I'm not fooling, I really don't know what to make of this record besides the fact that it rules in an extremely ideological fashion.  Beatles interview snippets, semi-locked groove, profanity, whispered backwards lyrics, total Rundgren/Cheap Trick guitar.  An intricate label design and a one sided picture sleeve only adds to the mystery. 

I'm also not sure if Carl John Sattler is the performer or the songwriter here.  In any event, I think the b-side 'One Page, One PAUL' totally rules. A proper paean to the clearly better Beatle.

One year past Orwell:  here we are.  This is Bobb Trimble with a perm and a degree in the humanities if his life's ambition was to to be a guitar tech for Boston or Crack The Sky.  Enjoy then and please make sure to circulate your papers before next week's seminar and to be prepared to discuss romantic facts of musketeers and the mongrel dogs who teach.


EDIT: Uh Oh.

Thursday, June 7, 2012

No Anti-Christ Devil's-Child Left Behind

GYPSY SAVAGE, 'NEVER DROP OUT' b/w 'GOODBYE NOW' (World Records, 198?)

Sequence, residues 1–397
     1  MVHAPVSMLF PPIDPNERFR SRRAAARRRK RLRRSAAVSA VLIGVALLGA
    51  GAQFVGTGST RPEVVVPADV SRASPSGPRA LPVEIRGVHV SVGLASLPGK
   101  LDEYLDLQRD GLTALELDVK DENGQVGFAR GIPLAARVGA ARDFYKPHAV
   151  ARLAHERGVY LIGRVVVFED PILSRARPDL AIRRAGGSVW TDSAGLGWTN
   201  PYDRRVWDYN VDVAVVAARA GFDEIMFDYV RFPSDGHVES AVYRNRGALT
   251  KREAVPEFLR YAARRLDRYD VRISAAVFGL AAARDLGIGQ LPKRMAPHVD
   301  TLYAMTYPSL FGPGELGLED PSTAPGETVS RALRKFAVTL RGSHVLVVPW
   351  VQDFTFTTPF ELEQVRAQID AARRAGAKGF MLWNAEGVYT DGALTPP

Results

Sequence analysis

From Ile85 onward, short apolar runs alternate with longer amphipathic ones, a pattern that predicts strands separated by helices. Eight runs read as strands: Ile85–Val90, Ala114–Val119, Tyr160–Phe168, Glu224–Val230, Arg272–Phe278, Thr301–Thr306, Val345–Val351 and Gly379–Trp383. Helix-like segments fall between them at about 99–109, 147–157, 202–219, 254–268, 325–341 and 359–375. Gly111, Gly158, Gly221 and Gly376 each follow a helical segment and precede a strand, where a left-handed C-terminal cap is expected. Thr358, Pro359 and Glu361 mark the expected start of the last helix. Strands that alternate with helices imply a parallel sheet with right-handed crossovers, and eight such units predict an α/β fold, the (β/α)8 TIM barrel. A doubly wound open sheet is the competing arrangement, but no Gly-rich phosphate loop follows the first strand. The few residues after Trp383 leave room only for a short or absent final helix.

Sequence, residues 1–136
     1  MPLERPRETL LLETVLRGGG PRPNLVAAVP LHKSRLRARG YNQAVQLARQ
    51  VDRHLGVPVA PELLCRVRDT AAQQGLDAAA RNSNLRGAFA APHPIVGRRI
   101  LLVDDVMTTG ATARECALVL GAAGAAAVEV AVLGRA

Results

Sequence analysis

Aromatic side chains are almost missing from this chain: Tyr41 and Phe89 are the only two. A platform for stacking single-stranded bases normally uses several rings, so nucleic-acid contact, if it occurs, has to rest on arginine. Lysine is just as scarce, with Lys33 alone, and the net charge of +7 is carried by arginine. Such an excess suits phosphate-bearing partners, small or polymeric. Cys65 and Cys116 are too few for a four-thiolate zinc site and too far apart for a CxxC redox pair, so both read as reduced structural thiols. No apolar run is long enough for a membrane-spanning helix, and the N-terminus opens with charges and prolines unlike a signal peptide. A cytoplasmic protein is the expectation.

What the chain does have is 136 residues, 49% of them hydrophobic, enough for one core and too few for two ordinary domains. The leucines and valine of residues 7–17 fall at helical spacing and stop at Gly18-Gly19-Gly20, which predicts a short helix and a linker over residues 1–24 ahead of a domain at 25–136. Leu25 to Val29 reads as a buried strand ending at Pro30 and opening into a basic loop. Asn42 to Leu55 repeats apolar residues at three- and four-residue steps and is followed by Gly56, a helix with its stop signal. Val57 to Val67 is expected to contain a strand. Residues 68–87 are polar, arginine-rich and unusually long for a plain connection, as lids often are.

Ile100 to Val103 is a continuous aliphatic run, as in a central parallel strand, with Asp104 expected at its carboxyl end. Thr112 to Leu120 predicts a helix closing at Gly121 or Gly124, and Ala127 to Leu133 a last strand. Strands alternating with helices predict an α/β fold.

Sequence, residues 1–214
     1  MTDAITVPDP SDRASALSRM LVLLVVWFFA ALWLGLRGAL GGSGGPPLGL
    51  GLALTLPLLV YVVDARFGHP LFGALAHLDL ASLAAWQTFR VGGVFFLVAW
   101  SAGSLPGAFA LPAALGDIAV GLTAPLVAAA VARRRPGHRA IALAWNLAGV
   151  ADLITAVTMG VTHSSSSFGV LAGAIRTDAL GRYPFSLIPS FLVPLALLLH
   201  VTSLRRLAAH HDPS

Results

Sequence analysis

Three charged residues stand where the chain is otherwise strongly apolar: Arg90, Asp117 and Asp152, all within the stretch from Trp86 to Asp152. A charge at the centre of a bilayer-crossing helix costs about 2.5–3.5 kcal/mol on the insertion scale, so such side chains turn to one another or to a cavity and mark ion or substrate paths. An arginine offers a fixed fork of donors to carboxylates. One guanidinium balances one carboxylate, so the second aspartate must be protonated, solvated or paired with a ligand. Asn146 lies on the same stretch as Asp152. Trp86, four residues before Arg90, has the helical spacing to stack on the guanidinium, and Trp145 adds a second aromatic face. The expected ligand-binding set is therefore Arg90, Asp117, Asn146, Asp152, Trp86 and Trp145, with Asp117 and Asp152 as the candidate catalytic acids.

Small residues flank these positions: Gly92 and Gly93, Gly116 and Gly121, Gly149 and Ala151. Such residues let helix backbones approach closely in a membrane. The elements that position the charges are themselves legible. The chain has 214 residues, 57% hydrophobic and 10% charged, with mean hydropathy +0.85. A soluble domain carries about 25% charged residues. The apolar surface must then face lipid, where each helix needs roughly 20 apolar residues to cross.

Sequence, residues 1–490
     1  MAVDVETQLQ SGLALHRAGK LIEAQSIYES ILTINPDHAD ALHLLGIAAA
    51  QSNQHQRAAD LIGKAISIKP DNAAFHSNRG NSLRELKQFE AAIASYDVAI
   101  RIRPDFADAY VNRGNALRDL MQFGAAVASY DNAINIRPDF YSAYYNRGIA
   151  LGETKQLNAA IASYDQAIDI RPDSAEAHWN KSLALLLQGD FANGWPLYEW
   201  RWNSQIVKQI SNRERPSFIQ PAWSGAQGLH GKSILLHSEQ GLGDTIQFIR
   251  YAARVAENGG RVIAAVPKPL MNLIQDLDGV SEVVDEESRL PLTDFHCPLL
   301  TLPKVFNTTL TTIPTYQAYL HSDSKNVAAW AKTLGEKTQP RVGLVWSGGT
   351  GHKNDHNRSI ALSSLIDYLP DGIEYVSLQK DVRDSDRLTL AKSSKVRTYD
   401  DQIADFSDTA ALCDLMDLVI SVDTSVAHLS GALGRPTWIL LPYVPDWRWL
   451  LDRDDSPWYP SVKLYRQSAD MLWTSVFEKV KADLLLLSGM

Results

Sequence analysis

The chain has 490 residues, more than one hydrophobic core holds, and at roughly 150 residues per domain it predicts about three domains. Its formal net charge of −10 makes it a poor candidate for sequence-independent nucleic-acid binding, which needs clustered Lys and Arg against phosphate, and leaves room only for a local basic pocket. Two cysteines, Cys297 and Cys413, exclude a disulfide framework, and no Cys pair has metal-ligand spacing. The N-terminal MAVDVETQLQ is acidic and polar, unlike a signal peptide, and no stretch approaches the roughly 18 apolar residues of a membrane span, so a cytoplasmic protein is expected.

April is the cruelest of months. So cruel in fact that me and t.s. had to take the entire month of May off to recover.

But now we're back and we're here to show you that we can really shake 'em down!

Thinking of changing the title of this blog to Bad Heavy Metal Records I Like And Buy. Cos I like and buy a lot of them. So, without further adieu or delay, here's another fine example in an incompetent and shitty series. AND, these boys are local!

GYPSY SAVAGE - Gretna boys allegedly, though captured here in full flight on the front steps of McMain High off S. Claiborne - may not have been the hey-bras-most-likely-to in their headband and poodle mullet heyday. However, time, slavishness and pure boneheaded naivete has done much
to rehabilitate the mighty GS's rep and to amplify their charm immensely.

It also may represent a lyrical first for a genre notoriously infamous for its attitudes disdainful towards the benefits of a classical education. No smokin' in the boys room or ringing hell's bells for Gypsy Savage. Nope, school is in and on! Complete with parental guilt-trip fear-mongering and PSA/school assembly-style moves.

And if the music is budget Motley Crue, so what? Since when is that a bad thing?!?!?!

The b-side, 'Goodbye Now,' is only so-so, but, even if it wasn't, the chances of it bettering 'Never Drop Out' are lower than the aggregate state test scores of the Recovery School District.

Gypsy Savage later recorded a full-length, self-titled LP which I haven't heard, featuring the same excellent cover 'art' as their earlier 45 rpm. Why mess with success when you're batting 1000 and the aesthetic altiplano has been secured?